All people deserve the right to privacy in their personal affairs. All people deserve dignity. We are guaranteed to be free from interference in our personal effects, papers, and private lives by the Fourth Amendment to our nation's Constitution. That the Fourth Amendment does not specify that such protection is limited only to government. We therefore uphold that privacy in one's communication, one's home, and one's private life where there should be an expectation of privacy is inalienable. We decry any attempts to monitor communications by announcing that privacy is suspended, because an expectation of privacy must be preserved in all communications for democracy to exist. It is thus counter to our nation's Ninth and Fourteenth Amendments to permit activities like warrantless wiretapping, since the implied right to security does not exceed the expressed right to be private from governmental interference.
All people deserve to be well-informed and involved within their respective governments. The ideal of democracy must be upheld by the people if it is to survive; and this cannot happen if the government is closed to the public or interferes with the private lives of its citizens. Such interference can also be achieved by failure to safeguard the right to privacy. Privacy is necessary to our society's smooth function. Transparency is the only means by which government can ensure the popular support and involvement in governmental processes. And in the emergent global society, this involvement is critical to the maintenance of our own sovereignty and the timely action of our government. We are resolved to promote transparent operation within government wherever possible, and to demand privacy for individual citizens in all things. We further resolve to fight warrant-less wiretapping on the grounds that such is indeed Unconstitutional and directly counter to the aims of our Founding Fathers.
Article 4: Copyrights, Patents, and Trademarks
Copyright law has enjoyed the concept of Fair Use for decades. We uphold fair use as a defense for civil litigation against copyright infringement, as we believe that the large corporations, though operating legally, violate the spirit of the law when they sue unwitting individuals who simply want to enjoy media in the privacy of their own homes through the core mechanism of the internet: duplication. Invasion of privacy demands a response. Even if a government is not the one responsible, it's still wrong. We view the practice of violating citizens' privacy as exploitative, even if it is to protect copyright. Fair use is not infringing use. We will continue to promote legal fair use in all ways possible, including public education; and we seek to expand fair use, instead of limiting it (as the current tendency appears to be). Copyrights are good. Using them to exploit people is not acceptable. We will fight every battle it takes to prevent the exploitation of our nation's citizens.
We support artist rights: artists should be not only correctly attributed, but also compensated. Artists are not compensated for their contractually-forced compliance to large company interests once they sell their copyrights interests for a time to the record companies, and we believe that the attribution (and resulting royalties) should go more to the artists than to those who are producing things that the population is no longer interested in. In addition, copyright is being subverted to erode civil liberties, and as such we find an obligation to eradicate the portions that permit such erosion. We consider the right of use with correct attribution sufficient where the original works may not be recognizable, or where their use is insignificant to the whole of the work. This includes (but is not limited to) the sampling and remixing of original works to create new works. We uphold the right to use and distribute derivative works, provided correct attribution is maintained.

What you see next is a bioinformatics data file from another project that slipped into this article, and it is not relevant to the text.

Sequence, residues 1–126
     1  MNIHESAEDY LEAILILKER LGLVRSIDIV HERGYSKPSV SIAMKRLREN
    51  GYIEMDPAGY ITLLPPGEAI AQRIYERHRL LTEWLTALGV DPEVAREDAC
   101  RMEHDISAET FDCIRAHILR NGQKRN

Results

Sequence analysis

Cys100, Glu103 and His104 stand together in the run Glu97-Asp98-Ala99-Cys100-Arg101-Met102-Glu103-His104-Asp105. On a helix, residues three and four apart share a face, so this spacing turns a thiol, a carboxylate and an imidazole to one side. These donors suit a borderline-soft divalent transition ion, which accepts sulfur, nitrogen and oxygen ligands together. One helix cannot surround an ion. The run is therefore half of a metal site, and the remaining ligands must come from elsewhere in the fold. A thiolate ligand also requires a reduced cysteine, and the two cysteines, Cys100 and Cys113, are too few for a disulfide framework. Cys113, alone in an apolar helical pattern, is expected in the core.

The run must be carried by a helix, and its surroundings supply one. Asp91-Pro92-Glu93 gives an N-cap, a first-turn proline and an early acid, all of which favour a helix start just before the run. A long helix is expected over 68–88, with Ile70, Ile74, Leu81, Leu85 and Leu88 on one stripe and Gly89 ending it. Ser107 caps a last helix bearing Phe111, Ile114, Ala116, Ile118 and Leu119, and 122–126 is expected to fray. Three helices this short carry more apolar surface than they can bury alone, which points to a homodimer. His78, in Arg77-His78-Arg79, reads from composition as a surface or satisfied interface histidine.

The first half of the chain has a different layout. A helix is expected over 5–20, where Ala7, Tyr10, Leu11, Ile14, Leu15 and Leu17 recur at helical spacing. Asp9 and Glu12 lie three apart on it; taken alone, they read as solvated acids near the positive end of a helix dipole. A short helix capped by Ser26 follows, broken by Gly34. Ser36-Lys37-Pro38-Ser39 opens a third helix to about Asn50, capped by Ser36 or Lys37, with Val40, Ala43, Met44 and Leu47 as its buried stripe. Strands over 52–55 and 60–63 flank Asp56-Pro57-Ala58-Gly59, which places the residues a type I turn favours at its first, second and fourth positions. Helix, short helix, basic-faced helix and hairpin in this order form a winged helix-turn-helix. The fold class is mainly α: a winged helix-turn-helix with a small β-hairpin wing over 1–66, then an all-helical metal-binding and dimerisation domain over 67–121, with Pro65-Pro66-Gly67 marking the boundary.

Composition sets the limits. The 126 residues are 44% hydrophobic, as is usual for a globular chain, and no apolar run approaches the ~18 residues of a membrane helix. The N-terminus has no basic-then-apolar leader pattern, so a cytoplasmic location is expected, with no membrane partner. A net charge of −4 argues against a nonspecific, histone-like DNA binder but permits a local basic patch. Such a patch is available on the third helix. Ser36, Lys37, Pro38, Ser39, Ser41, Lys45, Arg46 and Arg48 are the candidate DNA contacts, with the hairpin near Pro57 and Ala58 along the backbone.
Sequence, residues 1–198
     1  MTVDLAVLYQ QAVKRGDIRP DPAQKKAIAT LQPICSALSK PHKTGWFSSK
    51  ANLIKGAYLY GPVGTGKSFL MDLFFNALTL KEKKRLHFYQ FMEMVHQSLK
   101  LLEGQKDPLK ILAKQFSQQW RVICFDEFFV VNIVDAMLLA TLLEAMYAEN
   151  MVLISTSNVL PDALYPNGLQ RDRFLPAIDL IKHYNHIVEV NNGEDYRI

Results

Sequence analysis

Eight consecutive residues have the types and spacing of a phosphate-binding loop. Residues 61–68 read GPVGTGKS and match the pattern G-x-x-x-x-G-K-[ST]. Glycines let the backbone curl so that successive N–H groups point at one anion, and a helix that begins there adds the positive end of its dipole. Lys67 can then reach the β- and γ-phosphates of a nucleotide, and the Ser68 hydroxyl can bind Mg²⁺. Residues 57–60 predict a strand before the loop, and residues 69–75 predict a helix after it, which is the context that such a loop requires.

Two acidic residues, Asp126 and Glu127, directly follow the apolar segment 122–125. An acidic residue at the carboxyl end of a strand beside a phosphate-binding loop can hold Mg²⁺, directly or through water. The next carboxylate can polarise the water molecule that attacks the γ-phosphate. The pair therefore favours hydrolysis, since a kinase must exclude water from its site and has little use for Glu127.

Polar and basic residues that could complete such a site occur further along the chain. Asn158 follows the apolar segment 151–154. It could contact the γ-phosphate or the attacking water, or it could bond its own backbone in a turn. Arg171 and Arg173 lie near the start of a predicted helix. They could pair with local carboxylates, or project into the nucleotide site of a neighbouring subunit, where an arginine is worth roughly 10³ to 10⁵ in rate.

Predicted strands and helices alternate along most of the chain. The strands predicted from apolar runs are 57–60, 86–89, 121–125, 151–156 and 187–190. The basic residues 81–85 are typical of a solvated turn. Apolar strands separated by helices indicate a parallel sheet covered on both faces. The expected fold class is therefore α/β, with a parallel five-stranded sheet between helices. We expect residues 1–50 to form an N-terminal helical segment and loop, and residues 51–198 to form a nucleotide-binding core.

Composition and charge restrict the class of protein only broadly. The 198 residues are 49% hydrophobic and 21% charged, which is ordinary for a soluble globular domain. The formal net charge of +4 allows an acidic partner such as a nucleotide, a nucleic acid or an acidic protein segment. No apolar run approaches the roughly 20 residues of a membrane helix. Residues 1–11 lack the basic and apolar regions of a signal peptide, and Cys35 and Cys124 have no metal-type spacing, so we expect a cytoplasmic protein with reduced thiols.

Patents, which are commonly abused and used to prevent progress and innovation, should be far more limited than they are now. Much of the value of patents come from their public disclosure of information enabling others to reproduce the invention. We believe that if no patents existed, it would be to the detriment of progress and innovation; however, we also do not recognize an unchallengeable claim that a patent should be retained if no progress is made in its development.
Trademarks are commonly abused. A trademark should not also have a copyright. In addition, a trademark's use should be allowable in satire, parody, and humor; for so long as no association to the trademark holder is implied, and correct attribution is given, there should be no issue with its use, even by competitors. A trademark should be used for branding, and for identification of a company and its unique products and services. While these uses should be protected, they are not; and other uses are protected which should not be.
We resolve to reform laws to promote innovation and progress, and thereby ensure freedom. It is only a productive society which can ensure its freedom.
Article 5: Due Process, Self-Incrimination, and Freedom of Association
Due Process of Law is required in a free and democratic society and guaranteed by the Fourth Amendment. For this reason, we resolve to uphold due process of law, even when contrary to our own stated interests. This does not imply that we agree with all laws, but the process of law must be upheld throughout until either we are victorious in our desire for reform of the law or no further changes are possible.